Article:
And although tourists are generally untouchable, even I was approached at Yara and asked for my identification card. When I asked some of the workers why they thought the harassment had increased, I received two answers. Since November there have been double the police Every afternoon from about three until seven, the street in front of the studio and along 23rd past the Yara was closed to allow Fidel's motorcade to pass. At three police would sweep the area of pingueros and keep them away until the motorcade had passed.
One pinguero told me that this was so that Fidel could not see what was really going on with the "chicos de la calle. This young man wanted to free Fidel the man from responsibility by believing that he had no knowledge of how bad the situation was on the street. The man who in told me "Fidel knows everything," had quite the opposite agenda: It is no coincidence that this pinguero who so hated Fidel also proudly displayed a U.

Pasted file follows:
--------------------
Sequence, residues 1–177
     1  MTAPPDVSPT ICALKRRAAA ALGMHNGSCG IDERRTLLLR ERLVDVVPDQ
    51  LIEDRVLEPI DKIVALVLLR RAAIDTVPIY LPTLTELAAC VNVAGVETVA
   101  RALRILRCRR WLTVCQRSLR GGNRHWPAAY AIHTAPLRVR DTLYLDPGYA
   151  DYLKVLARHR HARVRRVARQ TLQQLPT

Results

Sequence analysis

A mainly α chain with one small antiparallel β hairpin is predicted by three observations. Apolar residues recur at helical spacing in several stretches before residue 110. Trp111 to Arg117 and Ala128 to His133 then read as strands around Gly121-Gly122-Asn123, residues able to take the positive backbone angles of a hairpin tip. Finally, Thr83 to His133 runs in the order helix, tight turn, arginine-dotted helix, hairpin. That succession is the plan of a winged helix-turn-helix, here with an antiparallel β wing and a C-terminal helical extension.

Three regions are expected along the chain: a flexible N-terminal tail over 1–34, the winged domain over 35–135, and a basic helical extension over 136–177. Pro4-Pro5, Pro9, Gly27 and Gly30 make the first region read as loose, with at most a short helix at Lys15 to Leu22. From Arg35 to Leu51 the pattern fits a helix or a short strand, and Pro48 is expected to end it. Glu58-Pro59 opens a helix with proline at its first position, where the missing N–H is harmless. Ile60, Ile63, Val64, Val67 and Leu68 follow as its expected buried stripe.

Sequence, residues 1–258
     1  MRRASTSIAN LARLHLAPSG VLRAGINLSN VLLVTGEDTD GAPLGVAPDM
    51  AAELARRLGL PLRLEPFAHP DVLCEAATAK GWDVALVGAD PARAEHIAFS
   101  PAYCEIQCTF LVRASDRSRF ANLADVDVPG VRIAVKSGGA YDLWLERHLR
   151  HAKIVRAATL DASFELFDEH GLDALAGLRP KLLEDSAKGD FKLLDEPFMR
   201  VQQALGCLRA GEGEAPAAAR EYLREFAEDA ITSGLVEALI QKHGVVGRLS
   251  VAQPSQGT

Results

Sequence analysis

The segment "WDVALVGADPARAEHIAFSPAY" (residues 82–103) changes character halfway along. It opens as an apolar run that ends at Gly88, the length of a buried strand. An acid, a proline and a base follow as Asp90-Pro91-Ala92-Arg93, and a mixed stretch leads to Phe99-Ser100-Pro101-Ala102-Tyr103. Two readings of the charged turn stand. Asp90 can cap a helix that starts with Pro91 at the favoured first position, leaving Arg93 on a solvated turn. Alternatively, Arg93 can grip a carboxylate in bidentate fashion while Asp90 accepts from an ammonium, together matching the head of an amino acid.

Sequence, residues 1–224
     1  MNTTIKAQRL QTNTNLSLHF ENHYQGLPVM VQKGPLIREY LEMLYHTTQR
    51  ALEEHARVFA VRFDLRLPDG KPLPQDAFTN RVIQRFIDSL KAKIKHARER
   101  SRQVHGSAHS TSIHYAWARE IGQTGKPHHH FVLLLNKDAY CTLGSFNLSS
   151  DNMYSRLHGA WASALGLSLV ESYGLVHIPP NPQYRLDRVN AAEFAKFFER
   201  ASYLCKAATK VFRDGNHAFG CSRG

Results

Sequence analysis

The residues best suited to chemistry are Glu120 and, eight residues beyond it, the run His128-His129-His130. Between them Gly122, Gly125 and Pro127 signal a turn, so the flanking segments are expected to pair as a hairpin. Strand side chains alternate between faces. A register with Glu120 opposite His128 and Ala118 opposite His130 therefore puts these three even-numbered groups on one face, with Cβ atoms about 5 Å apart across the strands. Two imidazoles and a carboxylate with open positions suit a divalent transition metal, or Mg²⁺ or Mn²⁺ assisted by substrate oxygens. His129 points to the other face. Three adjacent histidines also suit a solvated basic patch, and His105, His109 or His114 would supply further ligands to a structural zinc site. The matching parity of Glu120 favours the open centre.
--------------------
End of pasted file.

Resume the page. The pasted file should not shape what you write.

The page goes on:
Materialism, especially adoration of U. Many of the pingueros blame either socialism or "Fidel" for their poverty, and they express their anti-"Fidel" sentiments with an adoration of U. Tommy Hilfiger clothing gives the illusion of the kind of prosperity which capitalism is imagined to bring. If socialism has brought poverty, capitalism must mean wealth.
Tommy Hilfiger is a symbol of that coming economic prosperity which some believe will accompany the death of Fidel and of the socialist experiment. Of course, these pingueros do not understand that the wealth which Tommy Hilfiger represents—with its advertisements of young men yachting off the coast of Nantucket—is well beyond what will ever be possible for the huge majority of capitalist citizens.